Positive, negative thinkers' brains revealed

April 2, 2014, Michigan State University
Thinking positively and negatively may be at least partly a function of biology, a new Michigan State University study finds. Credit: Michigan State University

The ability to stay positive when times get tough—and, conversely, of being negative—may be hardwired in the brain, finds new research led by a Michigan State University psychologist.

The study, which appears in the Journal of Abnormal Psychology, is the first to provide validating the idea that there are, in fact, positive and negative people in the world.

"It's the first time we've been able to find a marker that really distinguishes negative thinkers from positive thinkers," said Jason Moser, lead investigator and assistant professor of psychology.

For the study, 71 female participants were shown graphic images and asked to put a positive spin on them while their brain activity was recorded. Participants were shown a masked man holding a knife to a woman's throat, for example, and told one potential outcome was the woman breaking free and escaping.

The participants were surveyed beforehand to establish who tended to think positively and who thought negatively or worried. Sure enough, the brain reading of the positive thinkers was much less active than that of the worriers during the experiment.

"The worriers actually showed a paradoxical backfiring effect in their brains when asked to decrease their negative emotions," Moser said. "This suggests they have a really hard time putting a positive spin on difficult situations and actually make their worse even when they are asked to think positively."

The study focused on women because they are twice as likely as men to suffer from anxiety related problems and previously reported sex differences in brain structure and function could have obscured the results.

Moser said the findings have implications in the way negative thinkers approach difficult situations.

"You can't just tell your friend to think positively or to not worry – that's probably not going to help them," he said. "So you need to take another tack and perhaps ask them to think about the problem in a different way, to use different strategies."

Negative could also practice thinking positively, although Moser suspects it would take a lot of time and effort to even start to make a difference.

Explore further: Anxious girls' brains work harder

Related Stories

Anxious girls' brains work harder

June 5, 2012
In a discovery that could help in the identification and treatment of anxiety disorders, Michigan State University scientists say the brains of anxious girls work much harder than those of boys.

Brain sets prices with emotional value

July 2, 2013
You might be falling in love with that new car, but you probably wouldn't pay as much for it if you could resist the feeling. Researchers at Duke University who study how the brain values things—a field called neuroeconomics—have ...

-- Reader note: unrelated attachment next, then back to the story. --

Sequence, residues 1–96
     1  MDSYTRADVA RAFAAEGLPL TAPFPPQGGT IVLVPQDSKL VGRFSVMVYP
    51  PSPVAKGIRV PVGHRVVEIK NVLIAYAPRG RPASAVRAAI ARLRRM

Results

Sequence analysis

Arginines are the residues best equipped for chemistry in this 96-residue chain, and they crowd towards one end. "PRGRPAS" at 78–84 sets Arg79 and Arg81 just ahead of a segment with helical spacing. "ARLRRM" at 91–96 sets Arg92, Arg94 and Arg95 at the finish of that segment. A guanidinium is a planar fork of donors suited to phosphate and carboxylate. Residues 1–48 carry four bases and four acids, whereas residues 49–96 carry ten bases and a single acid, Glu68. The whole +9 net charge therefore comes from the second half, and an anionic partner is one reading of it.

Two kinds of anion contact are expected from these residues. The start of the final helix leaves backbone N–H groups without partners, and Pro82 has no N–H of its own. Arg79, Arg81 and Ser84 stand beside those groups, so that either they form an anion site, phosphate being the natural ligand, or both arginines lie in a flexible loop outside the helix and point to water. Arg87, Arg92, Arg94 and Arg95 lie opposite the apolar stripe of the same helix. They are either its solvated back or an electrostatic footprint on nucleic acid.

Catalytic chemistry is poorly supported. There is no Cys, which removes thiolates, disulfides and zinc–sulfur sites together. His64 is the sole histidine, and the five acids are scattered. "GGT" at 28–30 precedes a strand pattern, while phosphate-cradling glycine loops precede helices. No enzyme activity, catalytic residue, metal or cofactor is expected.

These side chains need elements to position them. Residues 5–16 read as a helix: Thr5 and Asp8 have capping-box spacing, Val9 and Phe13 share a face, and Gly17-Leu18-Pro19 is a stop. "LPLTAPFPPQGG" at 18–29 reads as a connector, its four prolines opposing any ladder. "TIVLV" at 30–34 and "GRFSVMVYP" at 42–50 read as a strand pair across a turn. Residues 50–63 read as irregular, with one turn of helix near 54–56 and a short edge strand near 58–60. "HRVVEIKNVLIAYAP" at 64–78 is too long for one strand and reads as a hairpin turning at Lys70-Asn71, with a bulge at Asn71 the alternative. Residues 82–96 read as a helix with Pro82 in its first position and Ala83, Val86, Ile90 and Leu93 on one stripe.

Women anticipate negative experiences differently to men

August 23, 2011
Men and women differ in the way they anticipate an unpleasant emotional experience, which influences the effectiveness with which that experience is committed to memory, according to new research.

Young children understand the benefits of positive thinking

December 22, 2011
Even kindergarteners know that thinking positively will make you feel better. And parents' own feelings of optimism may play a role in whether their children understand how thoughts influence emotions.

Study finds 'owning' a darker skin can positively impact racial bias

May 14, 2013
Scientists from Royal Holloway University have found that when white Caucasians are under the illusion that they have a dark skin, their racial bias changes in a positive way.

Recommended for you

Prediction of psychotic onset with AI language analysis

January 24, 2018
Psychiatrists characterize schizophrenia, a mental condition with devastating effects on those who suffer it, by a set of intuitively understandable concepts including "poverty of speech" and "flight of ideas." These concepts, ...

Hospice patients define the changing nature of wisdom in their final days

January 24, 2018
Wisdom is typically considered to be the fruit of a long life, the accumulation of experiences lived and lessons learned. In recent years, scientists have created a consensus definition of wisdom as a complex trait with several ...

Short-course treatment for combat-related PTSD offers expedited path to recovery

January 23, 2018
Symptoms of Post-Traumatic Stress Disorder (PTSD) can be debilitating and standard treatment can take months, often leaving those affected unable to work or care for their families. But, a new study demonstrated that many ...

Social and emotional skills linked to better student learning

January 23, 2018
Students with well-developed and adaptive social and emotional behaviours are most likely to excel in school, according to UNSW researchers in educational psychology.

Priming can negate stressful aspects of negative sporting environments, study finds

January 23, 2018
The scene is ubiquitous in sports: A coach yells at players, creating an environment where winning is the sole focus and mistakes are punished. New research from the University of Kansas shows that when participants find ...

Study of learning and memory problems in OCD helps young people unlock potential at school

January 22, 2018
Adolescents with obsessive-compulsive disorder (OCD) have widespread learning and memory problems, according to research published today. The findings have already been used to assist adolescents with OCD obtain the help ...

0 comments

Please sign in to add a comment. Registration is free, and takes less than a minute. Read more

Click here to reset your password.
Sign in to get notified via email when new comments are made.